Once security checks are over, a cybercriminal can replace content accessible via a link with malware. "The content accessible via such links can also be customized, depending on the victim's location, operating system, and other parameters."

PowerShell Continues to Be an Attacker Favorite
Threat actors are increasing their use of legitimate admin, penetration testing, and other tools in attack campaigns. Among the most popular living-off-the-land tools that Rapid7 observed in use last quarter were cmd dot exe, ADExplorer dot exe, procdump64 dot exe, rundll32 dot exe, and mimikatz dot exe.

Few of the legitimate tools, though, were as popular as PowerShell. Rapid7 found that attackers are increasingly exploiting PowerShell to stay hidden when executing different attacks. Among the several tactics that attackers are using to exploit PowerShell include using old, less-restrictive versions of PowerShell and by bypassing policies set to restrict PowerShell using the ExecutionPolicy bypass switch, according to the vendor.

"PowerShell is installed on all systems and is extremely powerful," says Wade Woolwine, principal threat intelligence researcher at Rapid7. "Uninstalling old versions and configuring PowerShell to run in Constrained Language Mode are two mitigations," he says. Good endpoint detection and response capabilities are a must as well, he notes.

More Than 80% of Malicious File Were Disguised as .ZIP and .RAR files
Attackers sharply ramped up their use of .zip and .rar files to distribute malware in the first half of 2019. More than eight-in-10 malicious objects that Group-IB detected in the first six months of 2019 were delivered in password-protected archived files. The most common among them were .zip (32%) and .rar (25%).

The benefit for attackers is that such files make it hard for a majority of corporate security systems to automatically identify malware contained in them, Kalinin says. In many instances, the cybercriminals included the passwords for accessing the contents in the subject of the email, in the name of the archive, or in their subsequent correspondence with the victim. "Once unzipped and opened, it would download and install malware on a victim’s computer," Kalinin says.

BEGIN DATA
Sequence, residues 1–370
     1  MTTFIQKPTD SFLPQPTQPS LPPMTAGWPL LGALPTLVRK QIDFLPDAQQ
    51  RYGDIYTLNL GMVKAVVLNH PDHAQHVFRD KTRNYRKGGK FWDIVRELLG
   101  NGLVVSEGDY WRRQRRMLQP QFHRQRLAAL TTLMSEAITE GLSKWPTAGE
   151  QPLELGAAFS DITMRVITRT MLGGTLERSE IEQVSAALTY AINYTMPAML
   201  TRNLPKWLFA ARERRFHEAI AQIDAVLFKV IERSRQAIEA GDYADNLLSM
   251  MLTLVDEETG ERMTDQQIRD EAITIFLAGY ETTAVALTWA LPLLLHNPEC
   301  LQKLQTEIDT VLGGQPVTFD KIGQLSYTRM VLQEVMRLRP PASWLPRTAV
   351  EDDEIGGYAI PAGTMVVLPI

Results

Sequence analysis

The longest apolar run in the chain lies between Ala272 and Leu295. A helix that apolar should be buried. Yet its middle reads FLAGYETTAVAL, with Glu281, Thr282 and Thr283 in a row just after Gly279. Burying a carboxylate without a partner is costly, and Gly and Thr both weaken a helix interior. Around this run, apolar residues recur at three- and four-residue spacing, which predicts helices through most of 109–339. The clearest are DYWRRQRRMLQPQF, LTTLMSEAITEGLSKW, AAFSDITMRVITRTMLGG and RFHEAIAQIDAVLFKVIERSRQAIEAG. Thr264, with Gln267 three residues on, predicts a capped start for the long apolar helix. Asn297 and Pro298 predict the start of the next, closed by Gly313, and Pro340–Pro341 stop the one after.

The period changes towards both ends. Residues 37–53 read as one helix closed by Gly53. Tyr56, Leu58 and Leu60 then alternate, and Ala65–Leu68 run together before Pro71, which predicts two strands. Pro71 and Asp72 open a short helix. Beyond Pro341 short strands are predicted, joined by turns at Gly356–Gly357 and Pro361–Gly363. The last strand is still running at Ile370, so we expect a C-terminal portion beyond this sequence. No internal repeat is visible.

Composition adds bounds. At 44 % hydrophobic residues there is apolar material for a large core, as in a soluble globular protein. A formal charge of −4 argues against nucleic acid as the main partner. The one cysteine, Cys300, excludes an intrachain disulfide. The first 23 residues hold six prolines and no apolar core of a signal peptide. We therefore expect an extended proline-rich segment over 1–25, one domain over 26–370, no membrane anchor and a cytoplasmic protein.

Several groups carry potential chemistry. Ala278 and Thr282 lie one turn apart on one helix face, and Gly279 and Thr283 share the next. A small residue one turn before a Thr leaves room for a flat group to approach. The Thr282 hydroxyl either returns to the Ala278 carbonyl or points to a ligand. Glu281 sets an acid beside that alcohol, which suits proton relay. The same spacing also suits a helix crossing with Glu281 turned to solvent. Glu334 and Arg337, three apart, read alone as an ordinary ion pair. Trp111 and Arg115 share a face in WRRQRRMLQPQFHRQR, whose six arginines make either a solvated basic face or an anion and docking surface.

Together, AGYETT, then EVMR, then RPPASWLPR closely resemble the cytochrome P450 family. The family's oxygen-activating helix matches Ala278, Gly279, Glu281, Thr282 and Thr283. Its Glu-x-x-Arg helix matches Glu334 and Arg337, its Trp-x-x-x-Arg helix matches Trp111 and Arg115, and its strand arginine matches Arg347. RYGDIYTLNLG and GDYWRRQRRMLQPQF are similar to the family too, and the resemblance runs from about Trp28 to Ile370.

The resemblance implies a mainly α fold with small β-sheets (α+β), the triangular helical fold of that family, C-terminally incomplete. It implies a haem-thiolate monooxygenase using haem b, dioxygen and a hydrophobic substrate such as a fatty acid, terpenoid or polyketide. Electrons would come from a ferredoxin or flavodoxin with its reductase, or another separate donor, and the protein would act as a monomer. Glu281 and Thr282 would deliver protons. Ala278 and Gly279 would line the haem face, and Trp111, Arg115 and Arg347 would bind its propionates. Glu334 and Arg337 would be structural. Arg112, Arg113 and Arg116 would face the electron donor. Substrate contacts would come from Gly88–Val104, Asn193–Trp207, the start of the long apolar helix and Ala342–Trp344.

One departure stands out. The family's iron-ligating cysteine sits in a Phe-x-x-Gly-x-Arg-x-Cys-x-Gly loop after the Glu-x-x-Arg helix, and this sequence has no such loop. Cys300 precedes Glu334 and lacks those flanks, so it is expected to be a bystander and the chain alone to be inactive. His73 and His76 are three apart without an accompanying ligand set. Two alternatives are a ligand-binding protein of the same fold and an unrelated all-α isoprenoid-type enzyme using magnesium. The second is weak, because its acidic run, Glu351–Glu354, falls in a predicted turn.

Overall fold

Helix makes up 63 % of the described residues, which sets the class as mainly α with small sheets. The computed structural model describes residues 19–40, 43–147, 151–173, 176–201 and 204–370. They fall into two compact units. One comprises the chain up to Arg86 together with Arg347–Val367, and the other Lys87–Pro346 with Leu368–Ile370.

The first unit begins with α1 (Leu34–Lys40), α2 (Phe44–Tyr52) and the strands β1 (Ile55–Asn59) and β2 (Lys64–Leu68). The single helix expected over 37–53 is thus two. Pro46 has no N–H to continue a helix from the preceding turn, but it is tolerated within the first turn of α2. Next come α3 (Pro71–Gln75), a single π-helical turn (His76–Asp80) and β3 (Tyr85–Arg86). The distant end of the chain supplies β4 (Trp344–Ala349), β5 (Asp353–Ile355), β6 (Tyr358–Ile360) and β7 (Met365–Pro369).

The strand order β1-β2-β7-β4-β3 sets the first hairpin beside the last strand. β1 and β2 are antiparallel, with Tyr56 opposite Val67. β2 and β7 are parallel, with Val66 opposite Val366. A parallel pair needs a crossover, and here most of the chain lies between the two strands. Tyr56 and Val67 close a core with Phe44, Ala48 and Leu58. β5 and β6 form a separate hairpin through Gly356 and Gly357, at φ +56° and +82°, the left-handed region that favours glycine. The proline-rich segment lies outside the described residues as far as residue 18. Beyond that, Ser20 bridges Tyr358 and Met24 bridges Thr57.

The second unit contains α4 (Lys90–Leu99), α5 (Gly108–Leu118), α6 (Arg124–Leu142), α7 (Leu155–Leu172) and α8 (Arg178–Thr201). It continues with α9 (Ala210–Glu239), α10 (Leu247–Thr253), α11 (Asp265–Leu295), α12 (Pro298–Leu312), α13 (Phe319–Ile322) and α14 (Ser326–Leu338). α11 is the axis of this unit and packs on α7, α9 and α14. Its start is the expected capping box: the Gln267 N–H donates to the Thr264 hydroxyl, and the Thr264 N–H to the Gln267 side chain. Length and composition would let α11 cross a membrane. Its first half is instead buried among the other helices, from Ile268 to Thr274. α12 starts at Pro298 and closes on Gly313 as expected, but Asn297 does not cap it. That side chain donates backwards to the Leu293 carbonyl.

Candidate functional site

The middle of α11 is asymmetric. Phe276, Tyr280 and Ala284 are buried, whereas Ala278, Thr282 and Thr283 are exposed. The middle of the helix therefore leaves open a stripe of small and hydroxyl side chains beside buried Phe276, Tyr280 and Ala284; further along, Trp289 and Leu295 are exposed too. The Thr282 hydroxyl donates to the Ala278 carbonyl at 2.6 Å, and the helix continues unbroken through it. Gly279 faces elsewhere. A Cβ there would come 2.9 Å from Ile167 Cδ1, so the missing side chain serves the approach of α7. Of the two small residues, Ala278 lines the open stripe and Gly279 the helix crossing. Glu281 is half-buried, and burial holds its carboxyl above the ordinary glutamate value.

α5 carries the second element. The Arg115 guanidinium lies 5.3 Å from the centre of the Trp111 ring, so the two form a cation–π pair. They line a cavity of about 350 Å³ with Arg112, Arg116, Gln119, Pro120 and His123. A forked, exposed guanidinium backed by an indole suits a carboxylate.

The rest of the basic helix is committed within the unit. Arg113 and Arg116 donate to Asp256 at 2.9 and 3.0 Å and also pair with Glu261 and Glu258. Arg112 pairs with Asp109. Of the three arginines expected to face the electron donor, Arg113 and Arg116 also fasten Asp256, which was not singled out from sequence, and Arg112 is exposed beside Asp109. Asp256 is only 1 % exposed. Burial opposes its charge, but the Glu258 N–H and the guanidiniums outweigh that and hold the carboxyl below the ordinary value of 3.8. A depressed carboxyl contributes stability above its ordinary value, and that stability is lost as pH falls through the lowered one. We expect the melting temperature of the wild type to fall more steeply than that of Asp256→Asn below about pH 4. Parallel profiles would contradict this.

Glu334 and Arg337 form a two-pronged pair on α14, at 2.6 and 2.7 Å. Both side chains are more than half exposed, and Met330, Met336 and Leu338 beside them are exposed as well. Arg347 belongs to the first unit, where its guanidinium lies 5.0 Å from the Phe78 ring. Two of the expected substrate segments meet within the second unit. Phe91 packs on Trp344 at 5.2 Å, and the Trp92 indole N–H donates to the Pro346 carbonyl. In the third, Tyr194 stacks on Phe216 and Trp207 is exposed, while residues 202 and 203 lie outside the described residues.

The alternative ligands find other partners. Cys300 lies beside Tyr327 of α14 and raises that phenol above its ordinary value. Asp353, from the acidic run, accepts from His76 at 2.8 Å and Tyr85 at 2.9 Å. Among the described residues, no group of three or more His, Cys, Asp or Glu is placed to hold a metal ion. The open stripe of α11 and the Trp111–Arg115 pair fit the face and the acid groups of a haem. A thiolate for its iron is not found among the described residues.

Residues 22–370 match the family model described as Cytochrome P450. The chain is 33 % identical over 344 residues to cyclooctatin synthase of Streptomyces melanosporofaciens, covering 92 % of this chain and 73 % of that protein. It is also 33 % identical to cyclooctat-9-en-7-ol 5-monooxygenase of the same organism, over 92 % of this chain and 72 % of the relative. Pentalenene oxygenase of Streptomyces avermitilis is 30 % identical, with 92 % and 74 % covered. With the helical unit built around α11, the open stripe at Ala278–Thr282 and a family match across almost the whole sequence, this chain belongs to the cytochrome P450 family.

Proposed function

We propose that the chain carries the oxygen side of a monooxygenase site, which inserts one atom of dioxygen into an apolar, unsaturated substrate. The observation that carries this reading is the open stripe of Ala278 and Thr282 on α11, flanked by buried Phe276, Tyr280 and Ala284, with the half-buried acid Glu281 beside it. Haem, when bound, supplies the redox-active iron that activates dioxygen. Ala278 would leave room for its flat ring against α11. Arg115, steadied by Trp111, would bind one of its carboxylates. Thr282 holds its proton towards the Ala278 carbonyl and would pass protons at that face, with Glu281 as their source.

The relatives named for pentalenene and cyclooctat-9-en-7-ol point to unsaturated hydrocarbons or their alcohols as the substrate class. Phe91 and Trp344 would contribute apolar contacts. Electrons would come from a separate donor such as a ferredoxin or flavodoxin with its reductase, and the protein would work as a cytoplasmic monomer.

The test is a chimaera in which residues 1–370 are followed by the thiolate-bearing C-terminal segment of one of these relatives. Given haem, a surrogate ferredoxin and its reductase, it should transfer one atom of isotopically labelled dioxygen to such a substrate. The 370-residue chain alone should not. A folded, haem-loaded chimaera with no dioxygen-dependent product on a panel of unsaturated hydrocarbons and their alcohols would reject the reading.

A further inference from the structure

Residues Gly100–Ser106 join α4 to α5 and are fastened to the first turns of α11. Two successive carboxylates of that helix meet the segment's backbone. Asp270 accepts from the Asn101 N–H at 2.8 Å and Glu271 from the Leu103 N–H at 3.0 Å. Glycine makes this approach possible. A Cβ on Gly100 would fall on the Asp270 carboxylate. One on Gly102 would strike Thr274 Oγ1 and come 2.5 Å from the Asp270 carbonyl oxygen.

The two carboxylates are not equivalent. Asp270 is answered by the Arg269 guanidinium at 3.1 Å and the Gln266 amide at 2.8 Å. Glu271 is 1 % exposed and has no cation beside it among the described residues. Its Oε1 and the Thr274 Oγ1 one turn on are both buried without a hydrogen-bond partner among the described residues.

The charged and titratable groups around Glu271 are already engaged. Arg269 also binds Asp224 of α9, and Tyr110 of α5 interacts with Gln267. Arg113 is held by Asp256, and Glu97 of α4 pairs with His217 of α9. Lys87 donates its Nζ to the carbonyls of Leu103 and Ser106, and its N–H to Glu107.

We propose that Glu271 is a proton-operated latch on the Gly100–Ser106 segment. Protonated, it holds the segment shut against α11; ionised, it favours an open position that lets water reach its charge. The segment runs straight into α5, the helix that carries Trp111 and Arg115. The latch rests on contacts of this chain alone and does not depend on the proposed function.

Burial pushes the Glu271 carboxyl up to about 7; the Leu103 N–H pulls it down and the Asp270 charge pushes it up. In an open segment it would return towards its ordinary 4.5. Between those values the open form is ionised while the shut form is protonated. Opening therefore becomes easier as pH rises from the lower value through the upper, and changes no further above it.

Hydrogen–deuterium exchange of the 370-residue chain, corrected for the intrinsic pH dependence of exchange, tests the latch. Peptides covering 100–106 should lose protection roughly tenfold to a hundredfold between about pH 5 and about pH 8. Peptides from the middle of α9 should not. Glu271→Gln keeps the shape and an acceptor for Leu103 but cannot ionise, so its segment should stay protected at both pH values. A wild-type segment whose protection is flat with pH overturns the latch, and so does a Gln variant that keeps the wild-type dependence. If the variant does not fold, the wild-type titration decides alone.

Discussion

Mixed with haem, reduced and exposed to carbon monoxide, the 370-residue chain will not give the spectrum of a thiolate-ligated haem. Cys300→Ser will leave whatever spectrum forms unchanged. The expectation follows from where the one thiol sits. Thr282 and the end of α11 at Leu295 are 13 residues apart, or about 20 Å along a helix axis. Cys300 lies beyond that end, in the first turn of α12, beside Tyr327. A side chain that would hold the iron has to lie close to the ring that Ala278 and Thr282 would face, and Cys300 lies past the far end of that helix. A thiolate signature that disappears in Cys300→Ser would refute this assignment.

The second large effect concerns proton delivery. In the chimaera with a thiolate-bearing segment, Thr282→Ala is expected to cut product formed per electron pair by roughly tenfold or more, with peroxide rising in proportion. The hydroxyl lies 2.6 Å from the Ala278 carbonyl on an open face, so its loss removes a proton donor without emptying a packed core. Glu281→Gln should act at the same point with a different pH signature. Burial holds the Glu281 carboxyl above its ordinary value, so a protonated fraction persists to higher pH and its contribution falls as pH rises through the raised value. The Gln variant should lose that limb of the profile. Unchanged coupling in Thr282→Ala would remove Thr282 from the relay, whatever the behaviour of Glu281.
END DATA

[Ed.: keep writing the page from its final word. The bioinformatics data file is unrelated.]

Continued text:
Healthcare and Entertainment Industries Were Big Malware Targets
A majority of the breaches that Rapid7 investigated last quarter stemmed from phishing. When the initial compromise was not detected and contained, criminals executed malware — including ransomware — on target systems. Organizations in the healthcare and entertainment sectors were especially heavily targeted in such malware attacks.

Seventy-five percent of incidents that Rapid7 investigated at entertainment organizations and 62.5% of those at healthcare organizations involved some kind of malware. Both healthcare and entertainment organizations are popular targets because they have a reputation for paying ransoms, says Woolwine. "Attackers will always go after the easy money."

Others that were relatively heavily targeted in malware attacks included organizations in the manufacturing, retail, and real estate vertical markets.

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About the Author(s)

Jai Vijayan, Contributing Writer

Jai Vijayan is a seasoned technology reporter with over 20 years of experience in IT trade journalism. He was most recently a Senior Editor at Computerworld, where he covered information security and data privacy issues for the publication. Over the course of his 20-year career at Computerworld, Jai also covered a variety of other technology topics, including big data, Hadoop, Internet of Things, e-voting, and data analytics. Prior to Computerworld, Jai covered technology issues for The Economic Times in Bangalore, India. Jai has a Master's degree in Statistics and lives in Naperville, Ill.